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David Cross, left, Jay Johnston and Bob Odenkirk star in the Netflix sketch-comedy show W/ Bob & David.

Saeed Adyani/Netflix

At the end of W/ Bob & David's second episode, the sketch show's titular stars, Bob Odenkirk and David Cross, are whisked away to the afterlife following Odenkirk's sorta-recitation of the words "Prophet Mohammed." But while the pair assume they'd be greeted by 72 nubile female virgins, they instead encounter 72 male virgins, who greet them with lines like, "Are you guys friends in real life?", "When are you going to work together again?" and "I have two pet llamas named Bob and David … isn't that cool?"

It's the sort of rote questioning Odenkirk and Cross have faced for two decades, ever since they secured their spot in comedy history with HBO's groundbreaking Mr. Show with Bob and David. Although the series garnered dismal ratings for its three-season run – likely due to its terrible time slots – its absurd sensibilities and unusual structure cultivated a frighteningly devoted fan base once it was released on DVD. Ever since, the comedy world has been divided in two: fans of Mr. Show, and people with no taste. And while it's easy to view the new virgins-in-the-afterlife sketch as a commentary on the frustrations Odenkirk and Cross suffered in their post-HBO careers, the pair say it's not a critique of their fan base – just a reminder that they've never really stopped working together.

"We've been doing a lot of touring and live shows together over the years, and people never seemed to know that, hey, we're on tour right now," Odenkirk says over the phone from Los Angeles.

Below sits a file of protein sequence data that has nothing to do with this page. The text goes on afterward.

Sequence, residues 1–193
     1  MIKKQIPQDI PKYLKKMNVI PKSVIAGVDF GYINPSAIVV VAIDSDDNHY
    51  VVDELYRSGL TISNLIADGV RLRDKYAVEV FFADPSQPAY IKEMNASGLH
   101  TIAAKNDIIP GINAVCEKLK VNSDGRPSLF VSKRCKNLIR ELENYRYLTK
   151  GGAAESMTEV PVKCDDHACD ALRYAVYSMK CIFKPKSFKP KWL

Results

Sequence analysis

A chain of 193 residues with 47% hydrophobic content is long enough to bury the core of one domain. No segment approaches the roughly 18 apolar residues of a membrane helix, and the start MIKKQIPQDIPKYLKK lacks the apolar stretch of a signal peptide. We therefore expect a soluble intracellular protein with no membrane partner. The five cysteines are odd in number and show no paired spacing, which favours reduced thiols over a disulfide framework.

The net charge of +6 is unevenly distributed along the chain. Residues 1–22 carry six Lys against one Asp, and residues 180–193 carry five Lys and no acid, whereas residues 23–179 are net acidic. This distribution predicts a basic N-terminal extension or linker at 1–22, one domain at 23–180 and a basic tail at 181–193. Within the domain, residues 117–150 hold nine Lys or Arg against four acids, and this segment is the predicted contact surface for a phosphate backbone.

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"The presumption is that we don't talk to each other, unless we do a show together – but, yeah, we're really, honestly, truly old friends. We're always bouncing ideas off each other," adds Cross, on the other line.

"People think that when creative groups break up, there's a difficult fight there – 'Oh, they don't get along any more!' But that's not what happened," Odenkirk says. "David wanted to live in New York, excitement for Mr. Show was waning at HBO, so we decided, that's it."

"We're still speaking!" Cross pipes in. "Like, right now."

That solid, legitimately affectionate relationship – it's not hard to imagine, say, Odenkirk and Cross sharing a bicycle built for two, which is why their recent photo shoot for Vanity Fair seemed less artificial than most – is just one of the many reasons Mr. Show is still mentioned in hushed, reverential tones – and why Netflix is reviving it, in a way, via W/ Bob & David. When Mr. Show premiered in 1995, sketch comedy was in a bad way: Saturday Night Live was enduring one of its worst seasons ever and MADtv's debut was an unholy mix of grotesque caricatures and shock-value stunts (which would prove to be the template for the entire series).